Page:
The Cedar Revolution (Arabic: ثورة الأرز, romanized: thawrat al-arz) or Independence Intifada (Arabic: انتفاضة الاستقلال, romanized: intifāḍat al-istiqlāl) was a chain of demonstrations in Lebanon (especially in the capital Beirut) triggered by the assassination of former Lebanese Prime Minister, Rafik Hariri. The popular movement was remarkable for its avoidance of violence, peaceful approach, and its total reliance on methods of civil resistance.
The primary goals of the activists were the withdrawal of Syrian troops from Lebanon and the replacement of a government heavily influenced by Syrian interests with more independent leadership, the establishment of an international commission to investigate the assassination of Prime Minister Hariri, the resignation of security officials to ensure the success of the plan, and the organization of free parliamentary elections. The demonstrators demanded the end of the Syrian influence in Lebanese politics. At the start of the demonstrations, Syria had been maintaining a force of roughly 14,000 soldiers and intelligence agents in Lebanon. Following the demonstrations, the Syrian troops completely withdrew from Lebanon on 27 April 2005. With the disbanding of the Pro-Syrian government, the main goals of the revolution were achieved. (For background information on Syria's involvement in Lebanese politics, see the articles Syrian occupation of Lebanon and the Lebanese Civil War.)
The opposition has taken as its symbol the white and red colored scarf, and the blue ribbon; the most popular motto of the movement was Hurriyyeh, Siyedeh, Istiqlel (Freedom, Sovereignty, Independence).
- 1 Goals
- 2 Origins of the name
- 3 Groups involved in the revolution
- 4 Background
- 5 Government resignation
- 6 International reaction
- 7 Syrian reaction
- 8 Response from the Arab world
- 9 Pro-Syrian demonstration
- 10 Resurgent counter-demonstrations
- 11 Violent repercussions
- 12 Withdrawal of Syrian troops
- 13 Wave of democracy
- 14 Anniversaries
- 15 See also
- 16 References
- 17 External links
The main goal of the cedar revolution was the ending of the Syrian military occupation of Lebanon, which had lasted about 30 years (since 1976). In addition, many Lebanese called for the return of former Prime Minister Michel Aoun, in exile since 1991, and the release of the imprisoned Lebanese Forces leader Samir Geagea.
Additional goals of the revolution are:
- Uniting all Lebanese in their fight for freedom and independence
- Ousting Karami's Pro-Syrian government
- Firing the six Lebanese commanders of the nation's main security services, along with the State Prosecutor
- Unmasking the killers of former Prime Minister Rafik Hariri
- Running free and democratic parliament elections in spring 2005 free from Syrian interference
Origins of the nameEdit
The name "Cedar Revolution" is a term that was coined by the U.S. Under Secretary of State for Global Affairs Paula J. Dobriansky in a news conference, and used to draw a comparison with the Rose Revolution of Georgia, the Orange Revolution of Ukraine (Orange turned to be the color used by the free patriotic movement party which is led by general Micheal Aoun, and the Purple Revolution of Iraq.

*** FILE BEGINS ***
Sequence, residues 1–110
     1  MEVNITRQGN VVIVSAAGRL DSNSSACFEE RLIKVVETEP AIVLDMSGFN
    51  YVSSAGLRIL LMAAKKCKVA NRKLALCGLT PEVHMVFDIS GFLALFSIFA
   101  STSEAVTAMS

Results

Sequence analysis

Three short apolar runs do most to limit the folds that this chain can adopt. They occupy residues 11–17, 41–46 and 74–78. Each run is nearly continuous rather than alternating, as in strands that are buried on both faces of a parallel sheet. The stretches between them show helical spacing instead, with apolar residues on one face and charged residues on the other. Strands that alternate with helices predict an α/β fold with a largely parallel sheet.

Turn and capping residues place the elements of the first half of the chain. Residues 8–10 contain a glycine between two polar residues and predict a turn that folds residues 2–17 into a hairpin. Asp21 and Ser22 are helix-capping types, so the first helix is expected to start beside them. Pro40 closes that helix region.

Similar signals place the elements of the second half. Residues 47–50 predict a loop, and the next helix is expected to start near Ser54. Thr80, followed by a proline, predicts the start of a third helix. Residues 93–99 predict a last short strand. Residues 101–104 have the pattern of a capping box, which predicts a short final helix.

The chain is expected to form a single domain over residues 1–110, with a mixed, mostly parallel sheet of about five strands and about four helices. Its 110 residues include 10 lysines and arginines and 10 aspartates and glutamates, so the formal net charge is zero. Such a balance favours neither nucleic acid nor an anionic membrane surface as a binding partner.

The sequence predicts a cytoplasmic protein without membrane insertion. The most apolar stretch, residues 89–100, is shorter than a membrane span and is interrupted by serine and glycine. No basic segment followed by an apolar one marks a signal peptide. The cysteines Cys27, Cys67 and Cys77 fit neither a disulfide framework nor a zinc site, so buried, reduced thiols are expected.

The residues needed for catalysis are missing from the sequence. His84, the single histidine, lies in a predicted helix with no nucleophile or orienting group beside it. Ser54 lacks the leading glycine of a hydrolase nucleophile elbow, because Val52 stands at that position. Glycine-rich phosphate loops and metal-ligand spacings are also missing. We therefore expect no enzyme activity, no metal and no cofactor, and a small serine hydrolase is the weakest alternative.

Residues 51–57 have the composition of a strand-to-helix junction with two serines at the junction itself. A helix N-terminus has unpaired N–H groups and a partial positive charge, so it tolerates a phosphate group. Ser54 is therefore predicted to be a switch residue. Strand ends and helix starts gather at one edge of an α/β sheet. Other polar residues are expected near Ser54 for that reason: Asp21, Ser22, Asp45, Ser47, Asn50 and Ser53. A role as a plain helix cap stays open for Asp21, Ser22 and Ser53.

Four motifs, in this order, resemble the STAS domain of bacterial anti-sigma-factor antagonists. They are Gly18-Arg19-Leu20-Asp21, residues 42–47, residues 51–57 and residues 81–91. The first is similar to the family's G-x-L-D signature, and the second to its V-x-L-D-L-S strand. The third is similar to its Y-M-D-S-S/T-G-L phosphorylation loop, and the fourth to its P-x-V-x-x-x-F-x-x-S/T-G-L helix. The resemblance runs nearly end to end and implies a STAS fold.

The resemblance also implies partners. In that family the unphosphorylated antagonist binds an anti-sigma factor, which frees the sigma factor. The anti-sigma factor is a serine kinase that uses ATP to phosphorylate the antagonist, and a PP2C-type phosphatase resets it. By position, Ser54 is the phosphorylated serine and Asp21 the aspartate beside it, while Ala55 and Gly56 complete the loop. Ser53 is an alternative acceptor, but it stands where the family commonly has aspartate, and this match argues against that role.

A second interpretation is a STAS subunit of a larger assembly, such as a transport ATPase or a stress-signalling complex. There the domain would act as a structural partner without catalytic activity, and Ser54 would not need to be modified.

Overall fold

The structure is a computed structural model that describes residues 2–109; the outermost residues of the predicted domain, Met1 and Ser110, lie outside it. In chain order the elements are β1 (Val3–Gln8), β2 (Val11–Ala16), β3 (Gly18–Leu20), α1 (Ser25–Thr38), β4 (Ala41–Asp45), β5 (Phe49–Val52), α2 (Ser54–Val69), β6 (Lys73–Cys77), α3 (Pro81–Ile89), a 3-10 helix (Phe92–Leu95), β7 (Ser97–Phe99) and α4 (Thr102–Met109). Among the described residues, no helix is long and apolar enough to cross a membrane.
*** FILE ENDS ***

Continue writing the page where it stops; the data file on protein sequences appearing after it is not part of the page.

In the Arab world (save for Lebanon itself), it is better known as Lebanon's Intifadat al-Istiqlal (Independence Uprising). The term was coined by Democratic Left Movement leaders Samir Kassir and Hikmat Eid; they stressed the term Intifada to give the uprising an Arab meaning by linking it to the Palestinian Intifada and the term independence to stress its liberation side. Other names include the Cedar Spring (Arabic: ربيع الأرز - Rabi' el Arz), referring to the season when protests first broke out, and also as an allusion to famous freedom and independence movements such as the Prague Spring and Damascus Spring. The names used by the local media, like the LBC and Future TV, to describe this event include Lebanon Independence (Istiqlal Lubnan), Lebanon Spring (Rabi' Lubnan), or just Independence 05.
Groups involved in the revolutionEdit
Civilian groups and organizationsEdit
- Qornet Shehwan Gathering (Liqa' Qornet Shehwan): Gathering of Christian Lebanese politicians ranging from center left to center right.
- Democratic Forum (Al Minbar Al Dimokrati): Multi-confessional gathering of Lebanese politicians from different political parties with leftist tendencies, led by Habib Sadek
- Citizens for a Free Lebanon: A Non-governmental organization
- The Center for Democracy in Lebanon: A non-governmental grass-root movement
- The Global Organization of Democratic Believers: An all volunteer group of various religious backgrounds
Main political parties involved in the revolutionEdit
In Alphabetical Order:
- Democratic Renewal Movement (Harakat Al-Tajadod Al-Dimokrati) Multi-confessional Movement Leader: Nassib Lahoud, former MP and presidential hopeful.
- Democratic Left (Al Yassar Al Dimokrati) Multi-Confessional Movement Leader: Elias Atallah, former MP and former member of the communist party
- Free Patriotic Movement (At Tayyar Al-Watani Al-Horr) Movement Leader: Michel Aoun, MP. Also presides the "Change and Reform" coalition. He was one of the first to demand the Syrian withdrawal. The movement left the 14 March coalition before the 2005 elections after General Aoun came back from his Paris exile.
- Syrian Traces Leader: unknown
- Future Movement (Tayyar Al Mustaqbal) Muslim Sunni Movement Leader: Saad Hariri, MP and son of Rafiq Hariri